el-Mashayikhand Cairo, CG 582, 1093 d-Mashayikh and Cairo, CG 582, 1093 Tell Basta storehouse, n. 399 Tell Basta storehouse, n. 398 Thebes Coat, 7904, pi. xvii.1 KR1 IV, 141-147, esp. 146.7; Ockinga and al-Masri, 1988, 11-12 KRf IV, 141-147, esp. 142.3; Ockinga and al-Masri, 1988, 11-12 Radwan, 198?,223f, pl. II Radwan, 1987, 223f, pl. III
Urk. IV, 2177-217% Hari, 7985

Amun Re

Amun Amun


CHART 7: REFERENCE LIST Amun Amun Amun Amun Amun Amun Amun Amun Thebes Thebes Thebes Thebes Thebes Thebes Thebes Thebes


Montu? Amun

Thebes Thebes

Urk. IV, 2177-2179; Hari, 1985 Urk. IV, 2177-2179; Han, 1985 Urk. IV, 2177-2179; Hari, 1985 Urk. IV, 2177-2179; Hari, 1985 Urk. IV, 2177-2179; Hari, 1985 Urk. IV, 2177-2179; Hari, 1985 Urk. IV, 2177-2179; Han, 1985 KR1 1 , 333-341, esp. 338.12, 338.15; Davies, 1927, 9, pl. X KR1 1,333-341, esp. 338.8; Davies, 1927, 16, pl. Xb PM I.1,38f; KR1 IV, 107-119, esp. 116.10; LD iii, 252-253 1381; Wilbour, 1936, 55-56

Amun of Karnak


PM 1.1, 38f; KR1 IV, 107-119, esp. 111.6, 118.15-.16; LD iii, 252-253 [38j; Wilbour,
1936, 55-56



PM 1.1, 38f; KR1 IV, 107-119, esp. 116.10; LD iii, 252-253 [38]; Wilbour, 1936, 55-56
KR1V, 400412; Seele, 1959, 5-10, PIS. 4, 26 KR1V, 400412, esp. 403.4; Seele, 1959, 5-10, pls. 4, 26 KR1V, 400412, esp. 403.4; Seele, 1959, 5-10, pls. 4,26 KR1V, 400412, esp. 403.3; Gaballa and Kitchen, 1981, 161-180; Seele, 1959, 5-10, pls. 4,26 KR1V, 400-412, esp. 403.3; Seele, 1959, 5-10, pls. 4,26 KR1V, 400-412, esp. 403.2; Gaballa and Kitchen 1981, 161-180; Seele, 1959,s-10, pls. 4.26 KR1V, 400-412, esp. 402.5; Seele, 1959, 5-10, pls. 4,26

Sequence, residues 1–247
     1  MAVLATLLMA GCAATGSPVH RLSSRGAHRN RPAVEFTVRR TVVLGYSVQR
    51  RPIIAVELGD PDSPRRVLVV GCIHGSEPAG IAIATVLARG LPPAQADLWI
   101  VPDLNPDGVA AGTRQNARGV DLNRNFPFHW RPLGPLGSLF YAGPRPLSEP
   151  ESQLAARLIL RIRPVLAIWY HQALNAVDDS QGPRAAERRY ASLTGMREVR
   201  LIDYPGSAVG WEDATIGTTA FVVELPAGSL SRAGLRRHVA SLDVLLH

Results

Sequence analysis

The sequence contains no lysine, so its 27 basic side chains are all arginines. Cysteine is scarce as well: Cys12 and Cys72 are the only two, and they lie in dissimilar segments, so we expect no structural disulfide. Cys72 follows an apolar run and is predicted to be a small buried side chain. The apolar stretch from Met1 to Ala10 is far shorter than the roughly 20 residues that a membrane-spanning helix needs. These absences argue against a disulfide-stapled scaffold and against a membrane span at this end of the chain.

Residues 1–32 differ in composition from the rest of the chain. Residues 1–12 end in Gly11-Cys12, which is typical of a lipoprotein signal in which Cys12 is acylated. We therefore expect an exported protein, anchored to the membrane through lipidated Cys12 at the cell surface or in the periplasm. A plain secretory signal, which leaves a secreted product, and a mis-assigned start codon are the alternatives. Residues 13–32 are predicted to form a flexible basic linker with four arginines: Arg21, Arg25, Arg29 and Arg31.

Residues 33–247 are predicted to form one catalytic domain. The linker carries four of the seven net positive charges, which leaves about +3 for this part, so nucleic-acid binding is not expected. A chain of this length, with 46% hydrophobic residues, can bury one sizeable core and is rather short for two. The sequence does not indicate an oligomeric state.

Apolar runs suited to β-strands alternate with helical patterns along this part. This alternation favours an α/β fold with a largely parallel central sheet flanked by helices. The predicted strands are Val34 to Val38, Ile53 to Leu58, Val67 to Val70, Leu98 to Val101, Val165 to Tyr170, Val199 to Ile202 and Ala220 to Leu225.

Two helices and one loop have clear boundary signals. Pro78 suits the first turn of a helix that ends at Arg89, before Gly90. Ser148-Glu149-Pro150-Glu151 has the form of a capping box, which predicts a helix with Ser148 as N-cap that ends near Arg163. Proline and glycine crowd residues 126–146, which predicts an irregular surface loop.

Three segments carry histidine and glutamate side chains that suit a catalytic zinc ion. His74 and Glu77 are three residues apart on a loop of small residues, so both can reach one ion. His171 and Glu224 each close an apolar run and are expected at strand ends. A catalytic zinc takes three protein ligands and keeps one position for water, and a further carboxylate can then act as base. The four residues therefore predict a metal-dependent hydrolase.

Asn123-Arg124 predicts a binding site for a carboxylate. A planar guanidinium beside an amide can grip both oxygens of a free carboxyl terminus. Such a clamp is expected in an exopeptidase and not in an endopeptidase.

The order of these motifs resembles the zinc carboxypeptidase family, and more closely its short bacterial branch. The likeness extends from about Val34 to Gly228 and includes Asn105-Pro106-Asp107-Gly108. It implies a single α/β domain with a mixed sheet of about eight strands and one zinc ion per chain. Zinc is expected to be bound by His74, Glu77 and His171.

Amun Amun

Thebes Thebes








Amun of Karnak







Nfrt-iq 7wy

Montu, Amun Montu, Arnun lord of the cataract Montu, Amun

Anukis Amun

KR1 V, 400-412, esp. 409.13; Seele, 1959, 5-10, pls. 4, 26 Habachi, 1965, 123-136 KR1VI, 3605.6; Habachi, 1965, 123-136; Oavies and Gardiner, 1948 Habachi, 1965, 123-7 36 KR1VI, 418-421; Habachi, 1965, 123-136; Davies and Gardiner, 1948, 53-55 Habachi, 1965,123-136 Assman, 1979,54-77, pl. 9,lO Assman, 1979, 54-77, pl. 9,10 KR1 1 1 1 , 250.5 and V, 400412, esp. 403.5, 409.12; Habachi, 1968, 107-113 KR1 1 1 1 , 250, esp. 250.54; Habachi, 1968, 107-113 Habachi, 1968, 107-173 Sayce, 1898, 17 1-112 Leclant and Clerc, 1993, 240-241

TT324 among others

Thebes, Sehel, etc.

T ~ M ~ t . n f i tKhnum,






TT163 TT163 Sehel, ( n i 50) TT282, Sehel TT282, Sehel El Kab Thebes, Dra Abu el Naga, K91.10

0M 55337

BM 55337
Thebes, Sehel


Nwbt-nlr-rifr Sobek

M-i-Rc IWY

Amun of Karnak


Thebes Thebes Cairo or Zagazig Cairo w Zagazig

Davies, 1933 Davies, 1933 Habachi, 1957, 101 p1.37 Habachi, 1957, 102, p1.38

F y r


Amun TT49 Mehyt Bubastis Bastet, lady Bubastis of Bubastis Bastet Bubastis


Cairo, 87085 Thebes, (Deir el Medina) Thebes (Deir el Medina)




Thebes, (Deir el Medina) Thebes, (Deir el Medina)